The OFSP (online fantasy sports platforms) industry body, the Federation of Fantasy Sports (FIFS), earlier known as the Indian Federation of Sports Gaming, was set up in 2017. It has nearly 35 members. Dream 11 is a founding member. Other members are Fancode Myteam11.com, Mobile Premier League and Indian Fantasy League. Former Chief Information Commissioner Bimal Julka, who joined as chairman a few months ago, says, "These guidelines provide equal opportunities to all operators, protect consumer interests and curb possible malpractices. They will provide impetus to responsible growth." A former judge of the Supreme Court, Justice A.K. Sikri, is the Ombudsman and Ethics Officer.

While advocates of self-regulation claim benefits like transparency, quicker dispute resolution and consumer trust, the success of such a body will depend on factors such as participation of all stakeholders, credibility of the regulating body and unbiased outreach. A leading lawyer in TMT practice who did not wish to be named says, "If an organisation where large players have control and are on board, with voting rights, it becomes difficult for other players to submit themselves. There is always the chance of emergence of break-away factions. This is where government sanctioning and monitoring comes into play."

Creating Distinction

A well-settled position of law puts rummy, bridge and horseracing in skill gaming bucket. Several court decisions have put fantasy sports on the same footing. But where this distinction converges with the former is when the element of money is involved like pay-to-play, putting them all under real money gaming.

Following an advisory by the Information and Broadcasting Ministry, the Advertising Standards Council of India (ASCI) recently released guidelines for real-money gaming companies. The guidelines asked them to give a disclaimer about financial risks and addiction. It also mandated that advertisements for these games cannot target minors, or present gaming as a possible source of livelihood, or link it to success. ASCI said within seven weeks of the guidelines coming into effect (December 15), it had processed complaints against 81 entities. Around 75 per cent were from consumers. "In terms of platforms, a majority were from Instagram (39) and YouTube (37). Cricket (55) and rummy (15) received the greatest number of complaints in terms of types of games," it said.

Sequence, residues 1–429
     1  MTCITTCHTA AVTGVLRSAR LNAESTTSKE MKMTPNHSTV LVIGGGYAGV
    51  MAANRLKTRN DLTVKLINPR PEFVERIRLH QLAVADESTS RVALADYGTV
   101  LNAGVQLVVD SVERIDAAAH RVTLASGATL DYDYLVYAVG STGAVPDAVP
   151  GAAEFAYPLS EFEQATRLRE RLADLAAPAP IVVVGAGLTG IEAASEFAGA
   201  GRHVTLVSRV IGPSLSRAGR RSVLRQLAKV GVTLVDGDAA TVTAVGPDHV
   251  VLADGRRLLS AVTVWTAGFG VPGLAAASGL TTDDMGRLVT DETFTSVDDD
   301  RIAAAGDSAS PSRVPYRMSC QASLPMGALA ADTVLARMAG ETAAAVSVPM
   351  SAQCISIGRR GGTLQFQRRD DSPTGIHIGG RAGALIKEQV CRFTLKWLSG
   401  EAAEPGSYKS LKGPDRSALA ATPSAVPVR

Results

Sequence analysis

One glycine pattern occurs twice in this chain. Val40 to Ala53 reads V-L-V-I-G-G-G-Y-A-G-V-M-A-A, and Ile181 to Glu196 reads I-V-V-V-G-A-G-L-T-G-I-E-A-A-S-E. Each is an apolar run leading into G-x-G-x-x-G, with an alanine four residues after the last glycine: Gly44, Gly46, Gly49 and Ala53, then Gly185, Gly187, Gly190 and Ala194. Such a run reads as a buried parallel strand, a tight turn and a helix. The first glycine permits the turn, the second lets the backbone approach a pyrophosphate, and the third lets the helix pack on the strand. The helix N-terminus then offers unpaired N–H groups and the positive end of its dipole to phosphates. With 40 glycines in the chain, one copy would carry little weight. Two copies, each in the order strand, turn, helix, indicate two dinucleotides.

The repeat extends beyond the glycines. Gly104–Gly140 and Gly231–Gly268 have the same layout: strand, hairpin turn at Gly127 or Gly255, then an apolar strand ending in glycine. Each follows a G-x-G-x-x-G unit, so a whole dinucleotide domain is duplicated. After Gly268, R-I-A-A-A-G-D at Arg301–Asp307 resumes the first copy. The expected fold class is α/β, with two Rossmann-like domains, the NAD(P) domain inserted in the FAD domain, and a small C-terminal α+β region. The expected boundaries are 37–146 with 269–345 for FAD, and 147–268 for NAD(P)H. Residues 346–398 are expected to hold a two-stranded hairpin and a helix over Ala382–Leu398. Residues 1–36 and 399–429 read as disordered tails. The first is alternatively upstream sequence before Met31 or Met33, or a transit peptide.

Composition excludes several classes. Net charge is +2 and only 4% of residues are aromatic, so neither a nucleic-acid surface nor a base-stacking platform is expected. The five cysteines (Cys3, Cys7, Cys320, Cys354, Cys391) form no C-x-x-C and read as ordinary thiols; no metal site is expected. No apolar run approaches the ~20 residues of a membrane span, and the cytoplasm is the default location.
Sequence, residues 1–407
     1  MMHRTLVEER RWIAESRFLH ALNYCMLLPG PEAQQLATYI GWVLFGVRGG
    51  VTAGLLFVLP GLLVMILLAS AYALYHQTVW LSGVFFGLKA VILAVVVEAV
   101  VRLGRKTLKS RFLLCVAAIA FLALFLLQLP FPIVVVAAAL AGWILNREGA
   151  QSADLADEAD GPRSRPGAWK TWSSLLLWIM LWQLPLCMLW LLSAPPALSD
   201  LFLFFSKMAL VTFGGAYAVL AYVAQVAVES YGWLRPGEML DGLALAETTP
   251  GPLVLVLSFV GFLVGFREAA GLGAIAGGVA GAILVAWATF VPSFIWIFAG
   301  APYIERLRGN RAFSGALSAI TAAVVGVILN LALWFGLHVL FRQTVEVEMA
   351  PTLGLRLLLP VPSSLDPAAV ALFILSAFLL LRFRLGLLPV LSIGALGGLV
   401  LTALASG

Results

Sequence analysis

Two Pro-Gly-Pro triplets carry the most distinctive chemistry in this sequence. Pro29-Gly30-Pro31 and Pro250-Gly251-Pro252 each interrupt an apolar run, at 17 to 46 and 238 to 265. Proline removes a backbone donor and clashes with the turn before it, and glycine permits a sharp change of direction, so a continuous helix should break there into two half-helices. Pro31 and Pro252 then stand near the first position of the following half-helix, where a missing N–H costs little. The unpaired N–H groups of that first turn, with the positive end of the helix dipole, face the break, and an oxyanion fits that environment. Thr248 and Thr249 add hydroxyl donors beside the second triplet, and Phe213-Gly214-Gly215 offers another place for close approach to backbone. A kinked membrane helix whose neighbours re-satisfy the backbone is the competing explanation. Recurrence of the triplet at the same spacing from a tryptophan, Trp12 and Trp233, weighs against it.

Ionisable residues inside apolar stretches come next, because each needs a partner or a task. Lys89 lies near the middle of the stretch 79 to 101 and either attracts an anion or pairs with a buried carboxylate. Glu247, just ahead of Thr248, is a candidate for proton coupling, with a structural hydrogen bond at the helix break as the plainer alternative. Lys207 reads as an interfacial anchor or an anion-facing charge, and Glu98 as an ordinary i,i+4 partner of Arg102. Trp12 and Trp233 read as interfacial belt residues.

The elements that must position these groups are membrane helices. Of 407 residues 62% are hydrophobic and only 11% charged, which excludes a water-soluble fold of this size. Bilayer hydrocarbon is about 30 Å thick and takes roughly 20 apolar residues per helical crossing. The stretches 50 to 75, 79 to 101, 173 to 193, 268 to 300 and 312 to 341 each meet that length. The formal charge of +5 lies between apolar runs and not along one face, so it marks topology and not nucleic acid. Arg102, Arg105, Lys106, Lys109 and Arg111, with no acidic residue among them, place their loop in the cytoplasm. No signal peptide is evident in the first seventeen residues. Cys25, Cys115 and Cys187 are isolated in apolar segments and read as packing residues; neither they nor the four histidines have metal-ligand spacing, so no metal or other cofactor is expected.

The Gaps

The Niti Aayog's draft seems to be deficient in addressing the complexity of the 'real-money' element, say experts. While it briefly touches upon the 'pay-to-play variant' of fantasy sports getting prior approval in cases where winning is largely dependent on skills, the question of how much money is too much is debatable.

Other gaming federations such as The Online Rummy Federation and the All India Gaming Federation have shared with Niti Aayog their concern over non-inclusion of the entire online skill gaming ecosystem and just limiting itself to fantasy sports.

Bhavin Pandya, Co-Founder and CEO, Rummy Circle, says the draft seems not just incomplete and short-sighted, even the consultation process of Niti Aayog was far from inclusive. While fantasy sports is less than one-third of the entire skill gaming industry, "There is this perception that playing some of the games for money is leading to problems in the society and perceptively fantasy sports wants to steer clear from this even as games of skills," he says, pointing to the whole emphasis on the uniqueness of the fantasy sports segment.

There is no doubt that with many celebrity sports stars more open to endorsing some of these platforms and user base likely to increase with on-ground sporting activities slowly coming back, not to forget the advertising revenues, the distinction could well be a perception battle. Still, keeping the flock together will be the industry's biggest challenge.

@rukminirao